Comparing different Golf shaft flexes: Stiff vs. Regular

Everyone knows that shafts have different flexes and that some are softer than others. And everyone has probably gamed a club with a shaft that was either too soft or too hard. When it comes to finding the right shaft for a player you have to ask yourself what is too hard, what is too soft and what is in the middle.

First of all we should clarify what the stiffness refers to. Every shaft behaves differently and is soft or hard in different places. The current state of "science" is to create an EI profile for each shaft that shows exactly where the shaft is stiff and where it bends more. You clamp the shaft and measure every few cm how hard the shaft is at this point. The result is a curve that decreases from the end of the handle to the tip section. This means that each shaft is harder in the grip area than at the tip, which is a design requirement due to its thickness. An EI profile looks like this:

What distinguishes a good shaft is that these profiles are identical from shaft to shaft. So if I test 10 different Fujikura Ventus Black in 6S shafts, the EI profile should be identical. This is not the case with inferior shafts and the profiles of the shafts vary. Here it is pure coincidence to find the right shaft for you. When we talk about the stiffness of a shaft, we mean the entire surface under such curve. Thereby you express the "total stiffness".

Regular vs. Stiff shaft - the comparison

In this test we want to equip two players with different shafts and clubs. Player A received a 7 iron and player B a 3 wood, each with a hard and a soft shaft. These are the same shafts and shaft weights only with different flex.

If you were to ask the average golfer what would happen before the test, the following answers would probably be given: "The soft shaft produces a hook", "The softer shaft flies further" or "the club face is more open with the soft shaft" etc.

The interesting thing is that all these statements will be true for a particular player with a particular shaft whose flex is too soft or too hard. But the question is what is actually behind them.

Flex not equal to flex

It is also important to note that we have tested two identical shafts with different flexes. A label like "Regular" or "Stiff" itself does not say much. Every manufacturer and every shaft series is different here. A Stiff shaft from shaft A can be significantly softer or harder than a Stiff shaft from shaft B. The flex can also vary with different weights. For example, a Nippon Modus 120 in Stiff can be harder than a Modus 105 in Stiff.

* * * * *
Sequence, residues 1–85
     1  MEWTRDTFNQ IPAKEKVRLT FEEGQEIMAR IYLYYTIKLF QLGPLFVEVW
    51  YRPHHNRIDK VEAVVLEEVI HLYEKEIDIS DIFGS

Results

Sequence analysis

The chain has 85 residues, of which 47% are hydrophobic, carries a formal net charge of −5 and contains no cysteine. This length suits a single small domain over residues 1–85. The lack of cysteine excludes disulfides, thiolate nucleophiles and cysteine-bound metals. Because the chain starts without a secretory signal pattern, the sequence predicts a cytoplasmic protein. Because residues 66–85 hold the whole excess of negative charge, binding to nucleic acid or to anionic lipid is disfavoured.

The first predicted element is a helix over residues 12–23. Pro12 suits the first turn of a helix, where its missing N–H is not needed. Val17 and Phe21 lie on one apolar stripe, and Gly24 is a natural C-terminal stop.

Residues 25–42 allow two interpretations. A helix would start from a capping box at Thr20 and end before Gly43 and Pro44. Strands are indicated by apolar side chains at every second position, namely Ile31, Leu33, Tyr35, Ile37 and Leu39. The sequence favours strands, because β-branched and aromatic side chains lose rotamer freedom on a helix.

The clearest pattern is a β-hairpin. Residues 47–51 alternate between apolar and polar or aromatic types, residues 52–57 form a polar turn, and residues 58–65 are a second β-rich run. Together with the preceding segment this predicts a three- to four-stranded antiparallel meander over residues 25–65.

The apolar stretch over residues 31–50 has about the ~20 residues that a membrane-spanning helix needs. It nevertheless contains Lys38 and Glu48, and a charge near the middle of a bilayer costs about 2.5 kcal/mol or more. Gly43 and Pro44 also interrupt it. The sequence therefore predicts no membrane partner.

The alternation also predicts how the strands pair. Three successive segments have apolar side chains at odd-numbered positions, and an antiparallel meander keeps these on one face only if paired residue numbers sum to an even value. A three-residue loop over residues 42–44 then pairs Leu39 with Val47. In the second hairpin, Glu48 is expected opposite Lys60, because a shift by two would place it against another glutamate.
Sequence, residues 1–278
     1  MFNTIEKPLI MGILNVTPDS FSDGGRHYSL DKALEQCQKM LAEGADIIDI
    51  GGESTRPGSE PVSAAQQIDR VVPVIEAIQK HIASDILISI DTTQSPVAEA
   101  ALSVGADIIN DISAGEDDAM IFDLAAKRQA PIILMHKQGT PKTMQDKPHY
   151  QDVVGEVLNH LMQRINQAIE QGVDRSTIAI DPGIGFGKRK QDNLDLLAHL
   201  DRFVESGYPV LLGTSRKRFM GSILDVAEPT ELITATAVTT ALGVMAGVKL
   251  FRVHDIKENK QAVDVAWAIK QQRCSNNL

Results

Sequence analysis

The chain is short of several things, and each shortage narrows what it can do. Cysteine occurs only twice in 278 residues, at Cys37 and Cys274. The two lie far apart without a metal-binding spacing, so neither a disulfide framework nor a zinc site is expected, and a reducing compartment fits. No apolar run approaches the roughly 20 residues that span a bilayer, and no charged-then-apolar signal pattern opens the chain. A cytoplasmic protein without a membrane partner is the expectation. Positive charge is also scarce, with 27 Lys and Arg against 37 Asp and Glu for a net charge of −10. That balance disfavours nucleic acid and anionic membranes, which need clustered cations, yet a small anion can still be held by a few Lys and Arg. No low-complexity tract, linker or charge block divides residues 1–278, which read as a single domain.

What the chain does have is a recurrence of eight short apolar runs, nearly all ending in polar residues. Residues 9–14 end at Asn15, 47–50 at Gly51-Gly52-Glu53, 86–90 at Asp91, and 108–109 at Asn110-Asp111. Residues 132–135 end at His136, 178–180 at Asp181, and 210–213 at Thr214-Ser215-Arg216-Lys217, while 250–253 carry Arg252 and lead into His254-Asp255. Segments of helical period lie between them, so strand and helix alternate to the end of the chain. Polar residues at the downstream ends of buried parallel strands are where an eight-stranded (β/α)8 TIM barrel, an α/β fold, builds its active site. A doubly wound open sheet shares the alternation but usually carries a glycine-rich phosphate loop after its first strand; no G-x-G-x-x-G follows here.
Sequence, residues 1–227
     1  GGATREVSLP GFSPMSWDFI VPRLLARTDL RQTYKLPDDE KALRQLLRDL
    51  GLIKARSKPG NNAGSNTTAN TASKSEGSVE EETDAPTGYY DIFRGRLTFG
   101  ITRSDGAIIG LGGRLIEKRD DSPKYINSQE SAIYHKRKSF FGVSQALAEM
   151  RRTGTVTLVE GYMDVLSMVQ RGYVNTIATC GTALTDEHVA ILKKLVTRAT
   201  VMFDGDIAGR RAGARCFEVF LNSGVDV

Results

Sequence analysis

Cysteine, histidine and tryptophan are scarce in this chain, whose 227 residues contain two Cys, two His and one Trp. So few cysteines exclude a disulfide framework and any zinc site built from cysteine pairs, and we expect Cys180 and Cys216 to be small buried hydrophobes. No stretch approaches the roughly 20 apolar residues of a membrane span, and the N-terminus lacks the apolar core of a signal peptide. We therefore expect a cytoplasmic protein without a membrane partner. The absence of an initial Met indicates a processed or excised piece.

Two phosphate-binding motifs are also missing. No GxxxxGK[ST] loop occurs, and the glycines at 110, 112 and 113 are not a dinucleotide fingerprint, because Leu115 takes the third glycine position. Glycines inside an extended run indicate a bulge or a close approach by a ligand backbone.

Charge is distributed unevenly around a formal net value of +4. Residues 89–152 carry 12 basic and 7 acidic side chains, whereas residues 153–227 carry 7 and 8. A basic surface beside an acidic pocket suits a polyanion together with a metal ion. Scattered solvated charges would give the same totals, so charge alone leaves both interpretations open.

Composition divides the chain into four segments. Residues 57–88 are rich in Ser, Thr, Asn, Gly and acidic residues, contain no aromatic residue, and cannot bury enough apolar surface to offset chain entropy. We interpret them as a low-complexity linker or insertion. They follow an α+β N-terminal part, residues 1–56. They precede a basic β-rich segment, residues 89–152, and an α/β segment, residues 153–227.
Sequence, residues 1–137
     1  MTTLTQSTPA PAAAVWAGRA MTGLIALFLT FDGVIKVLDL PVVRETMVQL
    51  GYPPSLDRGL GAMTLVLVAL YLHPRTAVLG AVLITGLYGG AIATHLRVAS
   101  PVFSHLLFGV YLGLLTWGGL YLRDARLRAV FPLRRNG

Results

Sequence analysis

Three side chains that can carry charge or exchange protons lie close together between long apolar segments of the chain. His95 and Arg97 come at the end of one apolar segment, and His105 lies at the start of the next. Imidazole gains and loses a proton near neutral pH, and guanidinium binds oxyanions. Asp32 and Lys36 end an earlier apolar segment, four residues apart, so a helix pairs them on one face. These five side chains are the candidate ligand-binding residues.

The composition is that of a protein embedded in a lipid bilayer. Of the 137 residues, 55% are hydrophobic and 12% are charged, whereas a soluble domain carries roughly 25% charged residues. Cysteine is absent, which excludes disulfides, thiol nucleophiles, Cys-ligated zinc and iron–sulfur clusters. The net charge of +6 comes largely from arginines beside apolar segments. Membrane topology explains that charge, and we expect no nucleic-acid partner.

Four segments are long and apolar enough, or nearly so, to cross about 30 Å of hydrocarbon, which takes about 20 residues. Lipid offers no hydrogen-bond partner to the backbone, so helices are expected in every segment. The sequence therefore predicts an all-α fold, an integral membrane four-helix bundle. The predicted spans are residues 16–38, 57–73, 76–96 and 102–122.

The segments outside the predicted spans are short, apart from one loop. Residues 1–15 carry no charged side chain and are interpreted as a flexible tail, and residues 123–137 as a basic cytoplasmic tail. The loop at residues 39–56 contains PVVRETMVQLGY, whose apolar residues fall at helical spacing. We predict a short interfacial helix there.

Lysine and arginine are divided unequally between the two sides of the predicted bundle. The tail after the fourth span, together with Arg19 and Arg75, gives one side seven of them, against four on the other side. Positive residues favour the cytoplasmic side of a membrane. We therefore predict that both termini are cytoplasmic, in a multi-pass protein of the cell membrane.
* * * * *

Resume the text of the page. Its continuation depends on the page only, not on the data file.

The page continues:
Player A with a 7 iron

We have equipped this player with a regular shaft for testing purposes only. This is obviously much too soft and as you can see the results were quite clear. The player was able to accelerate the shaft better with 2mph more clubhead speed - but the Smash Factor of 1.28 was much lower and the variance in the strike pattern was also much lower. In short: Player A swung the soft shaft faster but did not hit the ball as well.

The most important thing is that this player had trouble controlling the direction with the regular shaft. It is clearly visible that the typical draw of the player with the soft shaft is missing and the ball stays to the right of the target. The soft shaft made sure that the clubface stays too open - hence the push. You can easily imagine this: The shaft "bends too far back" during the moment of impact and thus "stays away" from the ball. The release is "delayed" and the clubface remains open.

Player B with a 3 wood

With our second player, however, things looked quite different. The trend in terms of club head speed and efficiency was the same. This player was also able to accelerate the regular shaft better, but overall he hit it slightly worse. So much so that the ball speed was higher with the stiffer shaft and the carry length was 11m longer.

The Regular shaft was also too soft for this player and it was not possible to hit the ball consistently. The launch was too flat and the spin too low. The dispersion is rather interesting though. Player B missed the target with the soft shaft on the left side. He produced too strong a hook and the clubface was too closed for the swing direction. The "path" shows that the player comes almost 2° more from the inside. This is simply explained by the fact that the club head with the soft shaft is too far behind but is also "released too quickly". The release occurs too early and the clubface closes too strongly. This is the reason for the lower dynamic loft, the lower launch and the low spin.

Our conclusion

Both players demonstrate how important the right flex is. Especially with player B the results are so different that the clubs and shafts could be completely different. But apart from the flex we have not changed anything.

With player A the differences are mainly in the direction. And player A would actually have problems on the course with this type of push. With player B, however, we see the exact opposite with a too strong hook with the soft shaft. A general statement that a soft shaft produces more hooks or pushes is therefore not possible.

The test again shows how individual the shaft Flex can be. Shafts are very complex and identical shafts can produce completely different results for two different players with identical club head speed. Among other things, it also depends on how aggressive the transition is and when a player "releases" the club, i.e. when the release takes place.

In short: never choose your flex lightly and in the sense of "I have always gamed stiff, so I take stiff with the new shaft". Ideally you should get fit and find out which flex really fits you.

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